Don’t Sell Needs, Give Them What They WANT


Do you,

* drive a 1995 Taurus,

* live in a pop-up trailer at a campground,

* wear clothes purchased exclusively from thrift stores, and,

* eat only Ramen noodles?

Didn’t think so.

When you have a few extra fun bucks (or room on your credit card) do you run down to Wal-Mart and stock up on hand soap, toothbrushes, or laundry detergent maybe?Of course not.

And you’re like everyone else, including your prospects and customers. Which means that you just don’t buy what you need to survive. You buy what you want. (I don’t think most of the 3 million people who bought the new iPad over the weekend really needed it desperately.)

And an even stronger motivator is taking action based on what you value.

I’ve long taught that the best way to sell is to understand what motivates buyers, then help them experience those feelings in advance. This creates the desire to take action.

Struggling reps, on the other hand, approach calls with the intention of spraying their message out there, hoping they’ll hit upon someone who will buy.

And when resistance occurs, they fire back with objection rebuttals, which I call “Objection Headbuttals,” because it’s like butting your head against a brick wall when you use them.

You’ve probably experienced the frustration of selling just to needs. Think about the prospect you proved you could help save a bazillion dollars a year, increase market share by 75%, decrease turnover to virtually zero, and eliminate customer complaints, but still didn’t buy. You sulked around, shaking your head in disbelief, emitting primal-like noises in frustration, muttering,

“What an ignoramus this person is! I can’t understand why he’s not buying.”

Probably because you talked about your reasons for buying, not his.


Wants-Based Questioning
After you’ve generated interest with your opening, asked your basic questions, and built rapport, you need to get into the real reasons they buy.

Their wants.

Use questions such as,
“What, ideally, do you want the end result to be?”

“How would you measure satisfaction after you’ve used it?”

“If you could design the ideal product, what would it include?”

“If budget were not a concern, what would you get?”


Values-Based Questioning
What do your prospects and customers value?

What do you value?
Delve into someone’s values, their core beliefs, and you’ll know what really drives them.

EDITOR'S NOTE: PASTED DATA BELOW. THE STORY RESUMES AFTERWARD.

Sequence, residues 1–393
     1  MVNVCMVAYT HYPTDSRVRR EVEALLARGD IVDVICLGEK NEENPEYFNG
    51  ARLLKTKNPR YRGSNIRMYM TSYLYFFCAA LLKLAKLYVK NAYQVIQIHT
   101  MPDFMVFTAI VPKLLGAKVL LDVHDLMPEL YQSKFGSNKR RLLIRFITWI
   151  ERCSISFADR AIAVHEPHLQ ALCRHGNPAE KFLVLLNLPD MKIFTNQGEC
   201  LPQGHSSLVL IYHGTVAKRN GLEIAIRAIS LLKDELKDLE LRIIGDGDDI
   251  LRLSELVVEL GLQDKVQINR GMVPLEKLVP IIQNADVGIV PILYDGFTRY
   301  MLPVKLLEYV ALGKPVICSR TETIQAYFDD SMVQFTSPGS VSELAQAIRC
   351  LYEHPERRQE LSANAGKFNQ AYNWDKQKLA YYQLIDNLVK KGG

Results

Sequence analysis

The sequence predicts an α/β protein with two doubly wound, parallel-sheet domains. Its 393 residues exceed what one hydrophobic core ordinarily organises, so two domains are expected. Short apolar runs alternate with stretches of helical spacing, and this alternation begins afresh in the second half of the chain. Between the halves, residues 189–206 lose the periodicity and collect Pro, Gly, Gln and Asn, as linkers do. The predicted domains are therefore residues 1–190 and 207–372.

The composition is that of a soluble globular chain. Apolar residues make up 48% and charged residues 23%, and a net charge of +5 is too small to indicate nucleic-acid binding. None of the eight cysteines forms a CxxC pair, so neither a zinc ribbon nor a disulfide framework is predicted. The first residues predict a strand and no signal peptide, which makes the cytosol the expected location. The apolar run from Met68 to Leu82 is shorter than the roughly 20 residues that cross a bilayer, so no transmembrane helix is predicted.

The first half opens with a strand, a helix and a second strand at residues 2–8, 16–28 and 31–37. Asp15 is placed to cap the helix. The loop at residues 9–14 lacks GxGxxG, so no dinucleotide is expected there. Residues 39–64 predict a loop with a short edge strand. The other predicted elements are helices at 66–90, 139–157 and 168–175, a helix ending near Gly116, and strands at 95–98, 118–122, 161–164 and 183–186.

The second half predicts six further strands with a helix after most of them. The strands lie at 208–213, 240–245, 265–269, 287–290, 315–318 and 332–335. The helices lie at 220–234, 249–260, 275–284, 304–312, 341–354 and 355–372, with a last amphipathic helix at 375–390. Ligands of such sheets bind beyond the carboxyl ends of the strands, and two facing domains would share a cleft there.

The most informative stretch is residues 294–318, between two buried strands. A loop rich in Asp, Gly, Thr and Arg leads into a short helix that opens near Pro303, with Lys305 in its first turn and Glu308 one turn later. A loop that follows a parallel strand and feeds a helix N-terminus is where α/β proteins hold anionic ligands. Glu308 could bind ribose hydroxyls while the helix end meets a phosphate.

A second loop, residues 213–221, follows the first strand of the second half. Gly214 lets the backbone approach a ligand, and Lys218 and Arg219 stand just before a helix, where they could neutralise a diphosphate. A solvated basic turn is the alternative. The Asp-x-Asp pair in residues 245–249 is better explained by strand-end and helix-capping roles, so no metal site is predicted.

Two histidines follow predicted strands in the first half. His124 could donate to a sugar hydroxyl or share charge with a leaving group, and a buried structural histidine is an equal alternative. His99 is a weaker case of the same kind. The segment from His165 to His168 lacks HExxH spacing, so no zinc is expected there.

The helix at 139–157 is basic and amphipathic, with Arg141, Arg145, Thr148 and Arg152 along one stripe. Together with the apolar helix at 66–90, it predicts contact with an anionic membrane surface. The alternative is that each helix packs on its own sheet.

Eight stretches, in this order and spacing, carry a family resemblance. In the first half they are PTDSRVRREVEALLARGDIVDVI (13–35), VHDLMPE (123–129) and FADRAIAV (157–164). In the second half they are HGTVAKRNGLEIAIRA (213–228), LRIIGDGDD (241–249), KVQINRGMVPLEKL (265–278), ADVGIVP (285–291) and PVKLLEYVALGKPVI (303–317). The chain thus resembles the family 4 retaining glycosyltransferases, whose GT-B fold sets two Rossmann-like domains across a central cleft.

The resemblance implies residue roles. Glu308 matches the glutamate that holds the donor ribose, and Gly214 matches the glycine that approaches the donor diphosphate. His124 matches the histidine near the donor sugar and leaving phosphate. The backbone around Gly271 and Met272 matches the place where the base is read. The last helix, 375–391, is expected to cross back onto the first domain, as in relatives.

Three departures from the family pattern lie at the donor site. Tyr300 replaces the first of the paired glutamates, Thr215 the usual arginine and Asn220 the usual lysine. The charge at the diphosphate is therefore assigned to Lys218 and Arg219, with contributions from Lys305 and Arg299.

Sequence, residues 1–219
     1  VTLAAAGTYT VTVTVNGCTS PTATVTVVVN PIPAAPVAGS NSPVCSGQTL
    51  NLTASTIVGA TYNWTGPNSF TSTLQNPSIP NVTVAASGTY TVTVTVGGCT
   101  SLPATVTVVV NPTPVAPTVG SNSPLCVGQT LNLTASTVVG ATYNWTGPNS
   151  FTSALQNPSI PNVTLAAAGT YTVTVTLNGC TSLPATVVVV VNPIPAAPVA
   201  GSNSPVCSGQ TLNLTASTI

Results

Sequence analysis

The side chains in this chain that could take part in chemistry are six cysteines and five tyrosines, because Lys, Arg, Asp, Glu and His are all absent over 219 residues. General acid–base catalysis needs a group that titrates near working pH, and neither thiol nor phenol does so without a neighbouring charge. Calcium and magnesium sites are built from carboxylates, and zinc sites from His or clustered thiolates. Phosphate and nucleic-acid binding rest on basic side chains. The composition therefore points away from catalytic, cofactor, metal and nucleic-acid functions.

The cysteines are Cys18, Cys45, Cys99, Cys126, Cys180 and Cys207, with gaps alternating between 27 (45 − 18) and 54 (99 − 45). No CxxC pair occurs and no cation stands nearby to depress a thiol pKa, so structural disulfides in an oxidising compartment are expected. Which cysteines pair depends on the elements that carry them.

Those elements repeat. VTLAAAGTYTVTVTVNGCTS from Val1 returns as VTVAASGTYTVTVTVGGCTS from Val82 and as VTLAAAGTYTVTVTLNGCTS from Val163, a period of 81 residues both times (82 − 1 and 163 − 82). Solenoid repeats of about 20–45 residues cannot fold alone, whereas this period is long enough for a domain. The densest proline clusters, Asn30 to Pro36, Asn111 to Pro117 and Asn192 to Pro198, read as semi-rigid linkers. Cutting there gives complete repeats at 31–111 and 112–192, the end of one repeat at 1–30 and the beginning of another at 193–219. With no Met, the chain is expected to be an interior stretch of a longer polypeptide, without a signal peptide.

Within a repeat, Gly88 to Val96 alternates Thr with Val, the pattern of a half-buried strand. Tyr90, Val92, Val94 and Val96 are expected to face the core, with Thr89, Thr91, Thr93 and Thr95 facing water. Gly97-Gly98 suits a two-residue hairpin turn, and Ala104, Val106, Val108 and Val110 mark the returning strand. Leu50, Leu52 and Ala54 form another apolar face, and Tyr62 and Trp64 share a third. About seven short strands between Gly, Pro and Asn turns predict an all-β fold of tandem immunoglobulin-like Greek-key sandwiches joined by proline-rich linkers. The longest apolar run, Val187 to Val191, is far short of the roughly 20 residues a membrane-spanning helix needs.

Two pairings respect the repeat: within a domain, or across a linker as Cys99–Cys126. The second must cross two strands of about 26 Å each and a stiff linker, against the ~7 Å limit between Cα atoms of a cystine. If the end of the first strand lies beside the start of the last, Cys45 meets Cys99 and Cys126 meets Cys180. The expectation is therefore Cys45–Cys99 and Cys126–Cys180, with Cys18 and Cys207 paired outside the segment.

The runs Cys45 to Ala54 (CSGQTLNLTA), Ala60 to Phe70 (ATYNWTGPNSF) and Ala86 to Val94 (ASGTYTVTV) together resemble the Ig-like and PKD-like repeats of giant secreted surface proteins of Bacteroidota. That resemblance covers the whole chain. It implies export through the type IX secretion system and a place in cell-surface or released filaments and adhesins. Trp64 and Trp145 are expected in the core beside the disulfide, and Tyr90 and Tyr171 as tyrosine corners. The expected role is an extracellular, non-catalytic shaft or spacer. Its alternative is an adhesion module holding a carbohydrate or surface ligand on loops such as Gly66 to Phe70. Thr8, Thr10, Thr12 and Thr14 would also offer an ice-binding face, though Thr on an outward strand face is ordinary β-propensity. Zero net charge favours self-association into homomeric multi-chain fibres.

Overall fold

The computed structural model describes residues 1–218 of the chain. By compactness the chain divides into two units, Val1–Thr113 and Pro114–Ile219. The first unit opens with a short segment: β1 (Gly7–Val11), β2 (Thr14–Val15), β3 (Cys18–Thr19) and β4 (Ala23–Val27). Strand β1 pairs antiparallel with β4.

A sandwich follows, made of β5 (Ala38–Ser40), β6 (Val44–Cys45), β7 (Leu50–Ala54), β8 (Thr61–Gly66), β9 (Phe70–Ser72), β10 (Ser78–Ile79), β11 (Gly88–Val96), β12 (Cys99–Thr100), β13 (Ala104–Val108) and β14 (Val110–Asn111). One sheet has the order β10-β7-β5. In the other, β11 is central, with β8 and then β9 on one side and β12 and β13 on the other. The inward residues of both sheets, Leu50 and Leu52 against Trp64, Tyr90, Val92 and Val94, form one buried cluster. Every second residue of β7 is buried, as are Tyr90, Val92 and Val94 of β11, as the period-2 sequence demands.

Money isn’t everything, and I enjoy it as much or more than the next guy, and often joke that it ranks right up there with food and oxygen as a priority. But over the years I have turned down many training projects because of many reasons…when my kids were at home some of the dates conflicted with my kids’ sporting events, a remote location would have required too much time in little planes and rental cars, I didn’t think I’d have fun doing the project, and other reasons.

I need money. I want money. But what I really value, and all the feelings that go with it drives my decisions and behaviors. Values override needs and wants, for you, me, and your prospects and customers.

Once you’ve reached the comfort level with a prospect/customer where rapport and trust have been built, it’s appropriate to ask questions that examine their innermost core beliefs, their values. For example,

“What’s most important to you about this project?”

“What will getting this project done the way you want it mean to you?”

Then, listen for the answers, and layer more questions to gain further insight. For example, if they say, “Well, it’ll mean I’ll come in under budget,” dig deeper:

“And what’s important to you about that?”

Again, for questions like these to work, the rapport must be there. I chide sales reps constantly for asking–too early in an initial sales call– “So what’s important to you in a bathroom cleaning supplies vendor?”

It typically gets a “Whaddya nuts or somethin?”-type answer, and deservedly so. It forces the prospect to think too much. As if the prospect places his bathroom cleaning supplies at the top of the things he lusts for daily. But, after the rapport is there, it’s not so awkward to ask,

“Bruno, I know this is just one of the many responsibilities you have, but I want to make sure I’m giving you the best recommendation possible. So tell me, what’s most important to you about the maintenance of your facilities?”


Make it a goal to question for, and to understand the wants and values of your buyers. You’ll build more trust, and have longer lasting customer relationships.

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